How much you’ll have to pay for a mortgage depends on the type of mortgage (such as fixed or adjustable), its term (such as 20 or 30 years), any discount points paid, and interest rates at the time. Interest rates can vary from week to week and from lender to lender, so it pays to shop around.
Mortgage rates were at near-record lows in 2020, with rates bottoming out at a 2.66% average on a 30-year fixed-rate mortgage for the week of Dec. 24, 2020. Rates continued to stay stably low throughout 2021 and have started to climb steadily since Dec. 3, 2021 (see the chart below). According to the Federal Home Loan Mortgage Corp., average interest rates looked like this as of January 2023:
30-year fixed-rate mortgage: 6.13%
15-year fixed-rate mortgage: 5.17%
5/1 adjustable-rate mortgage: 6.06%
How to Compare Mortgages
Banks, savings and loan associations, and credit unions were virtually the only sources of mortgages at one time. Today, a burgeoning share of the mortgage market includes nonbank lenders, such as Better, loanDepot, Rocket Mortgage, and SoFi.
If you’re shopping for a mortgage, an online mortgage calculator can help you compare estimated monthly payments, based on the type of mortgage, the interest rate, and how large a down payment you plan to make. It also can help you determine how expensive a property you can reasonably afford.
In addition to the principal and interest that you’ll be paying on the mortgage, the lender or mortgage servicer may set up an escrow account to pay local property taxes, homeowners insurance premiums, and certain other expenses. Those costs will add to your monthly mortgage payment.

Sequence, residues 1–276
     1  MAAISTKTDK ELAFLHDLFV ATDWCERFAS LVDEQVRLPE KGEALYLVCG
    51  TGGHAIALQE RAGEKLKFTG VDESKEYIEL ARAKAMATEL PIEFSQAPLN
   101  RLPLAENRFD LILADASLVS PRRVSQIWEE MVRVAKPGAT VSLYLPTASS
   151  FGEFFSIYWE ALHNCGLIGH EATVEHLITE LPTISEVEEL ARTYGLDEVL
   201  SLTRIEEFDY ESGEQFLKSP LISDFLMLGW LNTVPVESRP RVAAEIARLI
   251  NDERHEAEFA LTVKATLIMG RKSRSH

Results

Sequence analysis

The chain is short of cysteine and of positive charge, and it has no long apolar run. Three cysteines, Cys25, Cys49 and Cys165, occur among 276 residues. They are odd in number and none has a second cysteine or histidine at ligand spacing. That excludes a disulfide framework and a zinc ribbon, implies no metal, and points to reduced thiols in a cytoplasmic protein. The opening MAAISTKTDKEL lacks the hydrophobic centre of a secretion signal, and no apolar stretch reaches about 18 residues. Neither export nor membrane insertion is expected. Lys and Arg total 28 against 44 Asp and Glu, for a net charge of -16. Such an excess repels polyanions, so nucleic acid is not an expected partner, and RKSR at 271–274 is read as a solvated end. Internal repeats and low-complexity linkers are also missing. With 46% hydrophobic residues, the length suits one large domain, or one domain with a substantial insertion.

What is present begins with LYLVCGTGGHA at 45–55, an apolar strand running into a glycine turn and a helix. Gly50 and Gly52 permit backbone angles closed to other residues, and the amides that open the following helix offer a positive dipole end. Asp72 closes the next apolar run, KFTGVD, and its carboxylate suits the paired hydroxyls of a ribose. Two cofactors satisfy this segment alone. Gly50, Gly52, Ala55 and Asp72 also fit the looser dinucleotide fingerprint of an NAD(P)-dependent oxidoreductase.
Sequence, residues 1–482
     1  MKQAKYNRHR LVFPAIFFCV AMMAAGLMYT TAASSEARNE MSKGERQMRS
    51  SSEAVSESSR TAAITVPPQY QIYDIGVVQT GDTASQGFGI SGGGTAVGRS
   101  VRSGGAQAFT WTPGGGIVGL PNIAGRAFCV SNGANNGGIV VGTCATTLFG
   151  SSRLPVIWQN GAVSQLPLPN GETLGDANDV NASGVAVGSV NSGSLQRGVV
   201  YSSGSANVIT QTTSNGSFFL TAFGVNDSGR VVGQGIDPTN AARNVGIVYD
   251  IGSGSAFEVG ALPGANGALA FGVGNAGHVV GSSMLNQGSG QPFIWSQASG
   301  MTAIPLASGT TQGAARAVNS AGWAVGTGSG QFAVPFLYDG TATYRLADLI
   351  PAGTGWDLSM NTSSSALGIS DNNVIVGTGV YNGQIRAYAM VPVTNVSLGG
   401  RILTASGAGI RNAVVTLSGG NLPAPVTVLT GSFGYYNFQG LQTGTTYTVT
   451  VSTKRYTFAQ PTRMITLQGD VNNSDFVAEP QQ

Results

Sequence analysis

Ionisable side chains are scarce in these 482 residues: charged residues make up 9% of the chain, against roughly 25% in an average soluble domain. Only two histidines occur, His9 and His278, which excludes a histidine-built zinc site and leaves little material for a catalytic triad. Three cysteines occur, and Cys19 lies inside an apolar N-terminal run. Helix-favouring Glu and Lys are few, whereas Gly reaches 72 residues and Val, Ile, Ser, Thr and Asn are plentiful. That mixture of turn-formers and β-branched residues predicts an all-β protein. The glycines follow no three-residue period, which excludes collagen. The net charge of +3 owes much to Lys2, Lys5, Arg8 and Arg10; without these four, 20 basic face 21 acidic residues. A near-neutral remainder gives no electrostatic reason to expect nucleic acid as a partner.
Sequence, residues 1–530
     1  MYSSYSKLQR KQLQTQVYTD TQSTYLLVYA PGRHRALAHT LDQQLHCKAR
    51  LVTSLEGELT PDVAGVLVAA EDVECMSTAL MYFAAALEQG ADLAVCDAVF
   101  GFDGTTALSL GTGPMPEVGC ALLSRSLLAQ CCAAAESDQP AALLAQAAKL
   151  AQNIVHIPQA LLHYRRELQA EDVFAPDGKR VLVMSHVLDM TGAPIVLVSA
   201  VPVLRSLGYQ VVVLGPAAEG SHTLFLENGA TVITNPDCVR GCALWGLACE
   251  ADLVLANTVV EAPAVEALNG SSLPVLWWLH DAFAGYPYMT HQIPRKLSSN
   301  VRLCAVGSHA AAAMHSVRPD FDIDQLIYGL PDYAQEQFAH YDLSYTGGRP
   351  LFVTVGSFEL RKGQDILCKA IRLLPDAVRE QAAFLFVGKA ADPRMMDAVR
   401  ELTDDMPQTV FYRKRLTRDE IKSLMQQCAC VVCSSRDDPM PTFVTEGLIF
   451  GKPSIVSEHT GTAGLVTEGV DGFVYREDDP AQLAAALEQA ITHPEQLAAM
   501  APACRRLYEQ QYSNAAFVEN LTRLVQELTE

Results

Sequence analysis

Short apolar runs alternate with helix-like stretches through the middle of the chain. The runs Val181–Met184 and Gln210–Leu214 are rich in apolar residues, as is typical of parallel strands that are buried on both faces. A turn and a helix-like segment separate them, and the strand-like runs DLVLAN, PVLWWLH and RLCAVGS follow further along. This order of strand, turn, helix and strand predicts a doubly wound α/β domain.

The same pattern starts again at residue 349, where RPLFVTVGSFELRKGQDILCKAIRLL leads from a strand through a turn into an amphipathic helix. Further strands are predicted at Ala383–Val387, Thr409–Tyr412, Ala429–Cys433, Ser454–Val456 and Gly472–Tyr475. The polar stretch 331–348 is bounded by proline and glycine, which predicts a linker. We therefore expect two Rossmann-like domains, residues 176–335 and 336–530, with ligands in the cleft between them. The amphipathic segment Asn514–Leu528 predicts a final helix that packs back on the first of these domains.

Also, note that if you make less than a 20% down payment when you take out your mortgage, your lender may require that you purchase private mortgage insurance (PMI), which becomes another added monthly cost.
Why do people need mortgages? The price of a home is often far greater than the amount of money that most households save. As a result, mortgages allow individuals and families to purchase a home by putting down only a relatively small down payment, such as 20% of the purchase price, and obtaining a loan for the balance. The loan is then secured by the value of the property in case the borrower defaults. Can anybody get a mortgage? Mortgage lenders will need to approve prospective borrowers through an application and underwriting process. Home loans are only provided to those who have sufficient assets and income relative to their debts to practically carry the value of a home over time. A person’s credit score is also evaluated when making the decision to extend a mortgage. The interest rate on the mortgage also varies, with riskier borrowers receiving higher interest rates.